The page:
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CHARACTER OF MR. LOCKE,
BY MR. PETER COSTE:
A LETTER RELATING TO THAT CHARACTER, AND TO THE
AUTHOR OF IT.
A LETTER to Mr. * * * *
London, Feb. 4, 1720. Being informed that you design to publish several new pieces of Mr. Locke, I here send you, at the request of some of his friends, the translation of a letter, attempting his character, and containing several passages of his life and conversation; which you are desired to prefix before that collection.
The author of that letter is Mr. Peter Coste, who has translated into French Mr. Locke's Thoughts concerning Education, his Reasonableness of Christianity, and Vindications thereof; with his principal work, the Essay concerning Human Understanding.
Mr. Coste lived in the same family with Mr. Locke, during the seven last years of that great man's life; whereby he had all possible opportunities to know him.
The letter was written some time after Mr. Locke's death, and appears to be the production of a man in
raptures, and struck with the highest admiration of Mr. Locke's virtue, capacity, and of the excellency of his writings; and under the deepest affliction for the loss of a person, to whom in his lifetime he had paid the most profound respect, and for whom he had constantly expressed the greatest esteem, and that even in writings, whereof Mr. Locke did not know him to be the author.
And therefore Mr. Locke's friends judge its publication necessary, not only, as they think it contains a just character of Mr. Locke, as far as it goes, but as it is a proper vindication of him against the said Mr. Coste, who in several writings, and in his common conversation throughout France, Holland, and England, has aspersed and blackened the memory of Mr. Locke, in those very respects wherein he was his panegyrist before.
For, they conceive, the eulogium contained in the following letter must stand good, till Mr. Coste thinks fit either to deny his own experience, or to confess that the same things, which he then thought praiseworthy, have since changed their nature.
I am, Sir,
Your most obedient humble servant,
* * *
THE CHARACTER OF MR. LOCKE.
In a Letter to the Author of the Nouvelles de la
Republique des Lettres. By Mr. P. Coste*.
London, Dec. 10, 1704. You must have heard of the death of the illustrious Mr. Locke. It is a general loss. For that reason he is lamented by all good men, and all sincere lovers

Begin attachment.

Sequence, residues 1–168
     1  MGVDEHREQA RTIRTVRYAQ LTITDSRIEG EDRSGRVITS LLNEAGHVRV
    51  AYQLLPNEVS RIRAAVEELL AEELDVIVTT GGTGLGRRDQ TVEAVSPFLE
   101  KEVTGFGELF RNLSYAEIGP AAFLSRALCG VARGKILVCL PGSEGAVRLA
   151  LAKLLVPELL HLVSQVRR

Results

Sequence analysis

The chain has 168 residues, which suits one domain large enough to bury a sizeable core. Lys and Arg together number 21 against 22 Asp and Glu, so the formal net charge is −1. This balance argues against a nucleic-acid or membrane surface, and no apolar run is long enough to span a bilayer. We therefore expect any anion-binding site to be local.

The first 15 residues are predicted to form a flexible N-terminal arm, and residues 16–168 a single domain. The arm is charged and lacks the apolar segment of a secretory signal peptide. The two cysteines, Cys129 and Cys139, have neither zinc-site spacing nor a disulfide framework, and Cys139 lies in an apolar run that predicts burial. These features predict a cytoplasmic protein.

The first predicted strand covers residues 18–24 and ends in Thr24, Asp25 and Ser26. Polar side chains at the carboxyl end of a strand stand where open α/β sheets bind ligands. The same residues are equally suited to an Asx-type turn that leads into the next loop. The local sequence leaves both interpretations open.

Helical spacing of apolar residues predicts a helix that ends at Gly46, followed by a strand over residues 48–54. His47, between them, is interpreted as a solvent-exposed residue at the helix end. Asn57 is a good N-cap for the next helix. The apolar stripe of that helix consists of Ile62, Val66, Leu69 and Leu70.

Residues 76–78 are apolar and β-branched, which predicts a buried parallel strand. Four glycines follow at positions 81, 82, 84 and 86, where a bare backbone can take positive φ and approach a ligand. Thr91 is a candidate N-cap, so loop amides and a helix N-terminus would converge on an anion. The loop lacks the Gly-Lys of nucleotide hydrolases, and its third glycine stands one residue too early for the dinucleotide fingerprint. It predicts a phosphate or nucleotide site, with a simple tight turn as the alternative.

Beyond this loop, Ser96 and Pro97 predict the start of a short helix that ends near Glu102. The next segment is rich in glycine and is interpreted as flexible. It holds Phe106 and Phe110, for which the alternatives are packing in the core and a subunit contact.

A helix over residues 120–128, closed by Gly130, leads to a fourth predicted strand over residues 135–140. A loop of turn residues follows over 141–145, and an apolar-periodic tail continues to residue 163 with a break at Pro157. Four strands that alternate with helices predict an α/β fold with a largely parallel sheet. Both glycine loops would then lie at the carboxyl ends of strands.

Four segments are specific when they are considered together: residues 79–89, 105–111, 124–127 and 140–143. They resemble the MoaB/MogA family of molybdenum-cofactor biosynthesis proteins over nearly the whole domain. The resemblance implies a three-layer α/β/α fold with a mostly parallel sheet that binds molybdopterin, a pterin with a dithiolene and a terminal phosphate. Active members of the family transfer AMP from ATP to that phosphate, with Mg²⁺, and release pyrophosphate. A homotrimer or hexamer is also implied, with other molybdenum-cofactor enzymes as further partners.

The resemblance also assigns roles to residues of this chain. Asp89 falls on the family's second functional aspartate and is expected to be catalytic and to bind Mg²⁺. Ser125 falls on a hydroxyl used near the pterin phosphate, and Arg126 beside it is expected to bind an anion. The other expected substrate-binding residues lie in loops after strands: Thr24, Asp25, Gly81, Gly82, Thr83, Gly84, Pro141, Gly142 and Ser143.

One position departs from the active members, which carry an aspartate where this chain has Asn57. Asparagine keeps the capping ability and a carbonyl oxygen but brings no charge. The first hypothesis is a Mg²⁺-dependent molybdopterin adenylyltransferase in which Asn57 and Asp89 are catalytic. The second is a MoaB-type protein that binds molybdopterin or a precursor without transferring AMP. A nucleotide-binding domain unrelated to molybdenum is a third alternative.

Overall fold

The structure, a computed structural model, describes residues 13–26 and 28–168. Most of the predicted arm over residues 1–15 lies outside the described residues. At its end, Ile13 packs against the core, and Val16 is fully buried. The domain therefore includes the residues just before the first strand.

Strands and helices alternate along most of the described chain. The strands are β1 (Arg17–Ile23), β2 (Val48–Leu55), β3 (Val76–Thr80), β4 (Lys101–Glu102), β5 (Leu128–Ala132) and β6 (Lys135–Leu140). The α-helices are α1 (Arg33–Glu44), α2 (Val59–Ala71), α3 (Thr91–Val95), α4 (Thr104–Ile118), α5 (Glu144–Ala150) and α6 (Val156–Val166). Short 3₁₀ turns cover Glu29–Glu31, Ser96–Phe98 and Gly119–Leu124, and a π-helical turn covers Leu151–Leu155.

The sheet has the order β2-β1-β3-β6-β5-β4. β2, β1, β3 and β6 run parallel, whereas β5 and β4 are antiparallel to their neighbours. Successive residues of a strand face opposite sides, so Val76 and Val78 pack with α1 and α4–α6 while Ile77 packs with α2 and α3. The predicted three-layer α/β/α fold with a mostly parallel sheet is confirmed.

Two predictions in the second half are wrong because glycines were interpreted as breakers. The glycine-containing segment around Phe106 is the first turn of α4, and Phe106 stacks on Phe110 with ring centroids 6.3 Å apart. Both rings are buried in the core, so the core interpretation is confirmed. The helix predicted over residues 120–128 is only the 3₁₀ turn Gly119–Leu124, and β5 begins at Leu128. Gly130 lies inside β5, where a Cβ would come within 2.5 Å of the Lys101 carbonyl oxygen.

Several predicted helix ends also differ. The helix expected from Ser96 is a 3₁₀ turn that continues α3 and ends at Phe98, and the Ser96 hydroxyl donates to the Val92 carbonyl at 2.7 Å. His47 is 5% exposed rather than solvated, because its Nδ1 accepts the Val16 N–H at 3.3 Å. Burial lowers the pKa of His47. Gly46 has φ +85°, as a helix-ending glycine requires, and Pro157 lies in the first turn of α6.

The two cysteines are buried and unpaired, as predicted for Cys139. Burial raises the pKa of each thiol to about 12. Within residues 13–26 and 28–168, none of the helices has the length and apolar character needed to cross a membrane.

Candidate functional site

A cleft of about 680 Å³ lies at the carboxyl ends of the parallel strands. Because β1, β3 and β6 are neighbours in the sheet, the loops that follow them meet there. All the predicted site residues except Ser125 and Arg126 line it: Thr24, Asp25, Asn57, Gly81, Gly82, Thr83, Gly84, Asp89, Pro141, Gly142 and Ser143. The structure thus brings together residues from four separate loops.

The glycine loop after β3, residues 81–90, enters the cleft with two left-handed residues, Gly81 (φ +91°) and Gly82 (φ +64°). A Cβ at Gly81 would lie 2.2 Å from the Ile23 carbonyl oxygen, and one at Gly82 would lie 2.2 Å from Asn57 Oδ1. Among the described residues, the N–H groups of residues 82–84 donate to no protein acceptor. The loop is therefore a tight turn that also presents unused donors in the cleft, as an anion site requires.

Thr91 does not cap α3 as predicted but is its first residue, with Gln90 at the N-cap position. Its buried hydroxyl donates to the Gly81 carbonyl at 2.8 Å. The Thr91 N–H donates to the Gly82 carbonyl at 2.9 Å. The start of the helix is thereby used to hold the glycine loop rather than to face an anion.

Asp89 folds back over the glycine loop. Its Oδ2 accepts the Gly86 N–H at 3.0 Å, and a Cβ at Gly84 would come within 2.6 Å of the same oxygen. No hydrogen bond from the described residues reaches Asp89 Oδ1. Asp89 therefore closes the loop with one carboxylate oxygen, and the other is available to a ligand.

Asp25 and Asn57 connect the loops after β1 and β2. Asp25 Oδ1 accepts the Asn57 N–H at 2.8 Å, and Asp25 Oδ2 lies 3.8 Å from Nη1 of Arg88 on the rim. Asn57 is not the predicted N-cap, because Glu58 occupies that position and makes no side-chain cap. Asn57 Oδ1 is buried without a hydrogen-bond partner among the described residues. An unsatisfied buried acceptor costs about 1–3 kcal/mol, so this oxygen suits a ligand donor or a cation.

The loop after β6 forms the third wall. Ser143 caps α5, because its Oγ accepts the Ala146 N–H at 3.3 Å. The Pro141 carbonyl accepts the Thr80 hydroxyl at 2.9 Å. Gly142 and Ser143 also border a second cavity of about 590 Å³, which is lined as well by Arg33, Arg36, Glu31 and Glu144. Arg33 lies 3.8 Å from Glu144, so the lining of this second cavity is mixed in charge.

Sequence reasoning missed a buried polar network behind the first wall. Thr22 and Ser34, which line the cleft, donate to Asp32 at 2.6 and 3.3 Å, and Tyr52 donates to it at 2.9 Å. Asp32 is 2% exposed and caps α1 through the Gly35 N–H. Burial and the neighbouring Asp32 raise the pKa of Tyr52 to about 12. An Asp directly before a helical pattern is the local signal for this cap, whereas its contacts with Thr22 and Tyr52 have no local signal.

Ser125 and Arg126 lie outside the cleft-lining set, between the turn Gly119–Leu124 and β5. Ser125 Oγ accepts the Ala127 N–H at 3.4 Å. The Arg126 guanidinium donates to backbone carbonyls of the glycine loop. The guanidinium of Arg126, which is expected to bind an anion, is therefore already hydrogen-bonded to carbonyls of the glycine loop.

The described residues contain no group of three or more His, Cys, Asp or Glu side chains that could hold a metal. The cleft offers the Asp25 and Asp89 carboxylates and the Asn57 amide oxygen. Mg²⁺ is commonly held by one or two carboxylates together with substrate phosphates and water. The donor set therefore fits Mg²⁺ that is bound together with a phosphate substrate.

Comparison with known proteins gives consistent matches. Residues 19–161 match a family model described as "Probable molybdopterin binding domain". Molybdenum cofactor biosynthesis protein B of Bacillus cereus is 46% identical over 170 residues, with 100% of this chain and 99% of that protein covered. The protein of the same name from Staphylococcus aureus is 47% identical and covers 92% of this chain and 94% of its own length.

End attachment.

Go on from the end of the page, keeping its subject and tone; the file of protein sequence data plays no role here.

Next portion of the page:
* That letter was printed in the Nouvelles de la Republique des Lettres, for the month of February 1705, art. II. page 154, with this title, A Letter of Mr. Coste to the Author of these Nouvelles, written on Occasion of the Death of Mr. Locke.
of truth, who were acquainted with his character. He was born for the good of mankind. Most of his actions were directed to that end; and I doubt whether, in his time, any man in Europe applied himself more earnestly to that noble design, or executed it with more success.
I will forbear to speak of the valuableness of his works. The general esteem they have attained, and will preserve, as long as good sense and virtue are left in the world; the service they have been of to England in particular, and universally to all that set themselves seriously to the search of truth, and the study of christianity; are their best eulogium. The love of truth is visible in every part of them. This is allowed by all that have read them. For even they, who have not relished some of Mr. Locke's opinions, have done him the justice to confess, that the manner in which he defends them shows he advanced nothing that he was not sincerely convinced of himself. This his friends gave him an account of from several hands: “ Let them, after this,” answered he,“ object whatever they please against my works, I shall never be disturbed at it: for since they grant I advance nothing in them but what I really believe, I shall always be glad to prefer truth to any of my opinions, whenever I discover it by myself, or am satisfied that they are not conformable to it.” Happy turn of mind! which, I am fully persuaded, contributed more even than the penetration of that noble genius, to his discovery of those great and useful truths which appear in his works.
But, without dwelling any longer upon considering Mr. Locke in the quality of an author, which often serves only to disguise the real character of the man, I haste to show him to you in particulars much more amiable, and which will give you a higher notion of his merit.